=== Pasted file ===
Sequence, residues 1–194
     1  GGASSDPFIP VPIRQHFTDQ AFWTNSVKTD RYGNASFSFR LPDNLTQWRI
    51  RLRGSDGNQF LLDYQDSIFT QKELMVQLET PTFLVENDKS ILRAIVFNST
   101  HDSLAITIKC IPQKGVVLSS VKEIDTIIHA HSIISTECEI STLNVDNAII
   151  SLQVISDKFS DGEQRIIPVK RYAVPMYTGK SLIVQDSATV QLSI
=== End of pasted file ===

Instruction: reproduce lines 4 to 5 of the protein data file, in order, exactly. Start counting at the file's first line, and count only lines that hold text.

   101  HDSLAITIKC IPQKGVVLSS VKEIDTIIHA HSIISTECEI STLNVDNAII
   151  SLQVISDKFS DGEQRIIPVK RYAVPMYTGK SLIVQDSATV QLSI